March 15, 2017

Tips for Writing Animals into Your Stories

Whether the pet is a dog or cat, I enjoy reading about the interaction of the character with the pet. Pet owners have unique responsibilities that writers should not take lightly. My protagonist in the Jenna Scali mystery series owns two cats. Those cats depend on her for their food, affection, and care. She goes about her day, but not forgetting to feed the cats or empty their litter box. Dog owners must add walking the dog or letting the animal out at certain intervals during the day. All these activities add to the main character’s personality. Does your main character enjoy walking her dog or does she feel it’s an imposition? Often in mysteries, cats and dogs can sniff out the bad guy. Their ears go back or they growl. Paying attention to these details is the job of the writer.

Here are some tips for writing animals into your stories:

Tip #1: The animal must behave like an animal. I do not enjoy books where the cat solves the mystery, that is, figures everything out and does very un-catlike things. Instead, the challenge of the writer is to allow the cat to do normal cat things but the way they do them give rise to questions that might lead to solving the mystery. Dogs might dig something up that had been hidden. Animals have many behaviors that are typical of that animal but can create suspense in thd4c191a5d9cf8cbf52138415bc2ba374e story.

Tip #2: Don’t forget about the animal. If you character has been kidnapped, that character might worry about her life and whether or not she’ll get out of the mess she’s in, but she will still worry about her dog. Who will let him out? Will he think I abandoned him? Is he hungry?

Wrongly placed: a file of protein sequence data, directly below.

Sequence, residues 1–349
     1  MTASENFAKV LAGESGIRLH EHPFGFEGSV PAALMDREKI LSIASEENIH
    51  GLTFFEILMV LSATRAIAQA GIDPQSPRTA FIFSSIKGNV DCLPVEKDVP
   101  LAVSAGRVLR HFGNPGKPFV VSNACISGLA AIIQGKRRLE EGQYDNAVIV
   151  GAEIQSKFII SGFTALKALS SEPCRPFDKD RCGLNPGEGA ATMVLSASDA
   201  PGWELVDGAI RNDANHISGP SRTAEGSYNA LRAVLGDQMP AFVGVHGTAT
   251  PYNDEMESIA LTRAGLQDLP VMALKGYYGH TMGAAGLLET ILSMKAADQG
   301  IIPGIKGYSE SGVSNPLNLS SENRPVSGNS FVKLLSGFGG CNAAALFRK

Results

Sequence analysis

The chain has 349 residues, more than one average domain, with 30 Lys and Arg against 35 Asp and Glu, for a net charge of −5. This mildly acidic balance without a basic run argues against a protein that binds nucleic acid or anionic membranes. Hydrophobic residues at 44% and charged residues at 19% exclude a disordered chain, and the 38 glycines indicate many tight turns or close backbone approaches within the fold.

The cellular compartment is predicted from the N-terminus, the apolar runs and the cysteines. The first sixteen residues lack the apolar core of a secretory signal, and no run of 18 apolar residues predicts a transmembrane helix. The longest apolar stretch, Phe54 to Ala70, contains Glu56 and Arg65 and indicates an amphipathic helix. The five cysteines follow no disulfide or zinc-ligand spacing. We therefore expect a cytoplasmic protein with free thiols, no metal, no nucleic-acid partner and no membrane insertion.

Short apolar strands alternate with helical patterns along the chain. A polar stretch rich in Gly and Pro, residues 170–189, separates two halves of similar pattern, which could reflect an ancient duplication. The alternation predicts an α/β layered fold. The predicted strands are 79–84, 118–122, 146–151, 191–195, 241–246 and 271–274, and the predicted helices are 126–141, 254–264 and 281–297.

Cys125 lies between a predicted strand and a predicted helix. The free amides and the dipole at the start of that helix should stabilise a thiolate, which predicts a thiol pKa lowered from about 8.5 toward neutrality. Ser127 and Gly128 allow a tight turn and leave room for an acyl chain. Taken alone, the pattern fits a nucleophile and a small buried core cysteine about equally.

Tips #3: If the animal is threatened, make sure you’ve got good reason for it. In the e-Murderer one of Jenna’s cats is cat-napped. The killer did this because he knew how it would affect Jenna. She has a strong attachment to her cats. But, the cat escaped. Killing an animal to show the viciousness of a killer is cheap. That viciousness can be shown in other ways.

Tip #4: Animals can show a different side of a human’s behavior. You may have created an assassin who never gives killing another person a second thought. Perhaps that assassin sees a hungry dog and feeds it. Perhaps that dog follows the assassin home. Our villains, just like our heroes, are multidimensional. Animals can help show the other side of a person.

Tip #5: Please don’t ask the animal to talk or do other anthropomorphic behaviors. There are exceptions to this rule. In the book The Art of Racing in the Rain, the dog narrates the entire book. But, he’s still a dog. He thinks like us as he narrates, but he’s interested in food, in smells and in the mood of his human caretaker. The author does an amazing job of putting us in the dog’s head.

Dogs Teach Writers How to Reveal Emotions

They seem to understand their owners emotions. According to the research dogs and humans are the only species able to do this. I know my dog can read my emotions. I’ve known that for a long time. I also know my cat can read my emotions. Maybe they’ll soon learn that cats, too, can read the feelings of their owners. But, sometimes I wonder about my friends. Can they read our emotions as well as our pets do?bigstockphoto_Dog_Training_736793

As a writer I understand that my characters cannot act in a vacuum. That characters act out of emotion. In fact, years ago I learned that all our behaviors are predicated by how we feel. If we feel angry, we act in a certain way. If we feel contentment, we act in a certain way. For some people it’s hard to express feelings. They don’t tell you if they are feeling stressed or sad. But, if we are like our dogs, we can sense these feelings by their actions, expressions and overall “demeanor.”

In other words, we have to be more like our dogs. Instead of writing, “She was terrified when she heard the noise.” We write, “Her stomach tightened and her mouth grew dry when the noise sounded outside her window.”

Good writers recognize how people express the unexpressed. Dogs tend to do that as well. The researchers on dogs wrote: “…they integrate information from different senses, including what they see and hear to read the emotions of people and other canines.”

So… as a writer, how do you incorporate your character’s emotions?

If you enjoyed this blog, you might like The Clock Strikes Midnight–a book full of emotions. Check out this book trailer.